It is not only sad but also sardonic that the NSA of a supposed giant of Africa where megabucks had been reportedly invested in security equipment could not deploy them in addressing the insecurity in the land.  What is needed more than anything in the battle against terrorism, banditry and insecurity is a load of intelligence and security information.  The NSA and his office should be on top of this process, coordinating the relevant agencies under him so that a robust synergy could be built. Instead, the NSA has been busy, in a largely distractive fashion, with how funds earmarked and released for arms were either spent, not well spent or diverted outright.

Unfortunately, the country is not having it easy under Monguno as NSA.  He could not provide the salutary solutions or strategies to navigate the insecurity storm buffeting the nation.  Terrorists have been on renewed rampage in Borno and Yobe, re-establishing control and dominance in some villages. It has taken the commitment of the new service chiefs without the intelligence backup by the office of the NSA to push back the terrorists.  There is a report just now that Boko Haram Terrorists have hoisted their flag in a village in Niger State. Nigerian troops need solid intelligence backups with accurate situation reports to boot. Whereas, the NSA should have taken this backup trajectory; it does appear he is clueless.  He is apparently overwhelmed, and his performance has been underwhelming.  

The predicament of Nigerians, which has given rise to a deep-seated angst, was succinctly captured in a statement by the President of ECWA, Reverend (Dr) Stephen Baba Panya.  In the statement dated March 31, 2021, Panya lamented the seeming inability of the Federal Government to deal decisively with the heightened insecurity across the country, and the massive occupation of ungoverned spaces by criminals; non-state actors have taken the centre stage in a bid to protect their people from murderous criminals while also exploiting the situation to pursue their quest for self-determination.

Read Panya in another perspective to the insecurity issue: “Boko Haram and ISWAP have destroyed tens of thousands of lives and displaced hundreds of thousands of Nigerians. It is unfortunate that many Christians and Christian communities have been deliberately targeted and destroyed.  It is clear that these terrorist groups are gradually but tactically making incursions into other parts of the north even beyond. The apparent lack of unity against these terrorist groups and the inability of government to deal decisively with them within the shortest possible time has emboldened them to do more havoc.”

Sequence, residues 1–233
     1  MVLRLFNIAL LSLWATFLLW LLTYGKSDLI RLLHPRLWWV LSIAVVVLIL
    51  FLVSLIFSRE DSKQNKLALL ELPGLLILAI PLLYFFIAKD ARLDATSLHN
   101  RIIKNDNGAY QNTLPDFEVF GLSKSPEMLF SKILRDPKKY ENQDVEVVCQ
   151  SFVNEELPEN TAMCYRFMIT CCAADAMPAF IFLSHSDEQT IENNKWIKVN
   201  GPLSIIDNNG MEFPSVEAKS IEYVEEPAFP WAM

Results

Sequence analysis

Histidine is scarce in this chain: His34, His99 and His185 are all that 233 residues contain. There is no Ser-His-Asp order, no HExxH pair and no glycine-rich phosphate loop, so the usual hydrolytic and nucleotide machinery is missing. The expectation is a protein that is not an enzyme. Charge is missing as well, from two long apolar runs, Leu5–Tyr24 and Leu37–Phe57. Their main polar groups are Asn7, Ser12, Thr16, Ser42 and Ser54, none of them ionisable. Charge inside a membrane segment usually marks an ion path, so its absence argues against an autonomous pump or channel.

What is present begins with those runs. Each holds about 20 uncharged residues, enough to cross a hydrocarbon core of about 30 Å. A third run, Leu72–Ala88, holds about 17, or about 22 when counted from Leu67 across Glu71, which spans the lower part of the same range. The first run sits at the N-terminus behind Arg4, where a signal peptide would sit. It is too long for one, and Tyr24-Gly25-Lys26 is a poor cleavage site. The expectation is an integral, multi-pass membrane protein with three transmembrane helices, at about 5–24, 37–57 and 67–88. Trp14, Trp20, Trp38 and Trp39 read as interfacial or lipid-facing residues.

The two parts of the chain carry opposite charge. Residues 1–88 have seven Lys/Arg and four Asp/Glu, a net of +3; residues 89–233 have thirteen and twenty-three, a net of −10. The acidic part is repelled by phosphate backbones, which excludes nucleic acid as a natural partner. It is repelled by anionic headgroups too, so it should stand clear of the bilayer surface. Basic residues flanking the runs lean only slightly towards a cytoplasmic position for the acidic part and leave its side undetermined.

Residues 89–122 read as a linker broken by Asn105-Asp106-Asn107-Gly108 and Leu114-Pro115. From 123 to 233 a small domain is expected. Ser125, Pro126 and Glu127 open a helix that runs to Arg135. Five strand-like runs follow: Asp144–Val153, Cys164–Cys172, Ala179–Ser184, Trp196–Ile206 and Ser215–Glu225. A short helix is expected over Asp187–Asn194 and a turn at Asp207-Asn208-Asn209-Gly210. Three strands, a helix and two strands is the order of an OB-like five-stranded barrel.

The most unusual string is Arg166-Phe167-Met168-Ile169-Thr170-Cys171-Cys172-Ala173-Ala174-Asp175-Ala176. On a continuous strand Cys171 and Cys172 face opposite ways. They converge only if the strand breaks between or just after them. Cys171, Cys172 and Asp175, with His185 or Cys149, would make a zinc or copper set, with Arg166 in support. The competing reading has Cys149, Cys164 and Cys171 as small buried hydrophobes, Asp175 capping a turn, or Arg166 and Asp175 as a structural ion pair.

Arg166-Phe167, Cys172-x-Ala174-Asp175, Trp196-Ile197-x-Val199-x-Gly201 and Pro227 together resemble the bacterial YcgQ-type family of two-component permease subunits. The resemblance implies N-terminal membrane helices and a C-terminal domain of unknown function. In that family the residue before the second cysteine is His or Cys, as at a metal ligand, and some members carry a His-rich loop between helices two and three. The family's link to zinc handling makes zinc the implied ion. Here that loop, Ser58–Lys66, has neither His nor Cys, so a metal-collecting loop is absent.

Terrorism has been consistently unleashed on the northeast with relish. Banditry has been added to the monstrosity of insecurity in the land.  Governor of Benue, Samuel Ortom, escaped being killed on his farm by bandits some weeks ago. Hoodlums set fire on the country home of a sitting governor, Hope Uzodinma. Gunmen shot at the convoy of the Ondo State Governor, Rotimi Akeredolu many months ago. Students have been kidnapped from their schools. Nigerians have lost their sense of security and entitlement to their homes because nowhere is safe any longer.  

To really understand the import of this Elephant in the room, the Minister of Defence, General Bashir Magashi (retd) recently cried out that the nation was bleeding.  For a military man to put the situation in the context of blood, then it means the situation is indeed very serious.  And, upon all of this, the NSA, Monguno, who should lead in the front, quietly coordinating the nation’s security architecture, has been busy with mendacities against some former service chiefs in order to settle some scores, abandoning his core mandate deliverables.  

It is quite sad that Monguno lost focus even when he had yet to gain traction. Having lost his essential professional gravitas, the best thing for him to do is to throw in the towel for someone else with focus and commitment coupled with the competence to multi-task in the complex business of intelligence gathering to step in to back the military with intelligence and security information with which to put terrorists and bandits into irredeemable disarray; otherwise, the President should the needful: sack him Now! 
 
Mr. Hafiz, a security expert writes in from Lagos.